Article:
Young Adult // Historical Fiction • 4 stars
San Francisco, 1906: Fifteen-year-old Mercy Wong is determined to break from the poverty of Chinatown, and an education at St. Clare's School for Girls is her best hope. Although St. Clare's is off-limits to all but the wealthiest white girls, Mercy gains admittance through a mix of cunning and a little bribery, only to discover that getting in was the easiest part. Not to be undone by a bunch of spoiled heiresses, Mercy stands strong — until disaster strikes.
How can I say that this book was simple without diminishing its value? (I'm still trying to figure that out.) It's clear that this story takes place before/during/after the 1906 San Francisco earthquake, and while that is a big deal in and of itself, the characters and the way racism/prejudice is woven in is what makes Outrun the Moon shine. We follow a headstrong Chinese-American girl, Mercy Wong, who doesn't take "no" for an answer. She goes after what she wants, no matter what people say about her. But even when she's treated differently because of her ethnicity and status, she responds unlike most would. Outrun the Moon is simple in the way it's told — anyone reading this book will see how family is valued in Chinese culture, for example, and I am thankful that this is a good representation of where I come from. (For those of you who don't know, I am also Chinese-American!)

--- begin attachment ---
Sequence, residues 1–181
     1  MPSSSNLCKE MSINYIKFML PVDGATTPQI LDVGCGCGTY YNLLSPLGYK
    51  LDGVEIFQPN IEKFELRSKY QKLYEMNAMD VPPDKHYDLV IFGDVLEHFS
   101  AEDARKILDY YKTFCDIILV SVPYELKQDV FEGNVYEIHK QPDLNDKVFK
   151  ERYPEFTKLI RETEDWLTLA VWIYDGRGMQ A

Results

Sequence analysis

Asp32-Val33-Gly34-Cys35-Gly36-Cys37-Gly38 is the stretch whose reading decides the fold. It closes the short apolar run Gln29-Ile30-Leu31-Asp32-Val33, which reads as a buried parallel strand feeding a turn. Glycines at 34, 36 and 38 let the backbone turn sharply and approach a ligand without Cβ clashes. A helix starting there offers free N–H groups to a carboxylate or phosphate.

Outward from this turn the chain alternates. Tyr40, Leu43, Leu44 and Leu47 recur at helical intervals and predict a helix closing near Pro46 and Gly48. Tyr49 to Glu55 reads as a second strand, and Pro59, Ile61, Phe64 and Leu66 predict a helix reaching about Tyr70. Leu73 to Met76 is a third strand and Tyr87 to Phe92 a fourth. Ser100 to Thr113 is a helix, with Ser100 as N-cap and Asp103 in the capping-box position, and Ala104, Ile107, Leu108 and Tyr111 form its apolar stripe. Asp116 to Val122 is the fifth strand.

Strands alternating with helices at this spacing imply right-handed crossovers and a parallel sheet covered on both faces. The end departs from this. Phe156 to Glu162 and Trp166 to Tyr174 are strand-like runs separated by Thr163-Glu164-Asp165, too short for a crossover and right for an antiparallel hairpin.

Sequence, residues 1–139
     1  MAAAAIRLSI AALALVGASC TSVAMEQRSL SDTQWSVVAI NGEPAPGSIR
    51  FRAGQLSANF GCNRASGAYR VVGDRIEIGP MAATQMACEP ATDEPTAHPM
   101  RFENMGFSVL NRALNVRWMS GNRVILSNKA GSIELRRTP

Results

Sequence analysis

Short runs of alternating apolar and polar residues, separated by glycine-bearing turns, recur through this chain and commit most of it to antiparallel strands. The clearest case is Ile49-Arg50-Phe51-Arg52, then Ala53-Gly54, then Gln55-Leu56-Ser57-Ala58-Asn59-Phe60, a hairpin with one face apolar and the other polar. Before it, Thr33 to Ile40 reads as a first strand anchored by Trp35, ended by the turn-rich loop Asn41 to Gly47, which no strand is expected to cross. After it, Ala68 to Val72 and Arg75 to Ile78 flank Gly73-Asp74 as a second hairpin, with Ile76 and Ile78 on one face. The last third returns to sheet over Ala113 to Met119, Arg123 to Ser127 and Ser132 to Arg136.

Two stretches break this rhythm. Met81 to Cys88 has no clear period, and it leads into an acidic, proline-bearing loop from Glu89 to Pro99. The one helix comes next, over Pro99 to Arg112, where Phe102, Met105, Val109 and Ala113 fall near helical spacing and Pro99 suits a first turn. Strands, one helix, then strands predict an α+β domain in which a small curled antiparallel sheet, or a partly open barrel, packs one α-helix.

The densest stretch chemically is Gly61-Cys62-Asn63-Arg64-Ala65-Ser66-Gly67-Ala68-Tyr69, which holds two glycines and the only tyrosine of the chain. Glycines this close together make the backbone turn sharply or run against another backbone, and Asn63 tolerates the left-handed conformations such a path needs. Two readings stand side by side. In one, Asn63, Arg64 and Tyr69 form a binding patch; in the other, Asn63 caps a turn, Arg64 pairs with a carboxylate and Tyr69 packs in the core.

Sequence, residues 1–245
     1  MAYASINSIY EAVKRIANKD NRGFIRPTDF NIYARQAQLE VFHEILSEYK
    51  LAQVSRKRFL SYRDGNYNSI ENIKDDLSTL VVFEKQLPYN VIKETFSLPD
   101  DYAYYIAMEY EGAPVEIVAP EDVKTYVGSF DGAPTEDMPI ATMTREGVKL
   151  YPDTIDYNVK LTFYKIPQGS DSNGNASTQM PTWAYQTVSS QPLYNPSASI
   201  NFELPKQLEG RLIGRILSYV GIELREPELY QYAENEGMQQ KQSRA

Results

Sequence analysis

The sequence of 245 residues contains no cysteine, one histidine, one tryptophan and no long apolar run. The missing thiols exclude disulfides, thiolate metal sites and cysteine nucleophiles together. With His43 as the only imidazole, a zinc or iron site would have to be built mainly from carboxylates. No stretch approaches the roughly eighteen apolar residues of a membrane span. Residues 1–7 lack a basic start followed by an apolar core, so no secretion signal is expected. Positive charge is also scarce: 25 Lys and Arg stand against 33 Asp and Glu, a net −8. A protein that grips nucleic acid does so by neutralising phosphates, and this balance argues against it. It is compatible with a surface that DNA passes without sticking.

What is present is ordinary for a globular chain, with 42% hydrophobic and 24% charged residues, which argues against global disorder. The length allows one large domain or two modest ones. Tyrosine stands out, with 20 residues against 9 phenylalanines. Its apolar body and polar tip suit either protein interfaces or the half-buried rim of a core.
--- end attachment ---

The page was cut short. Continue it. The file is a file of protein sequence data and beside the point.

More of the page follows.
"... all cards return to the deck at some point — kings, queens, and even twos." (239)

Kindred Spirits by Rainbow Rowell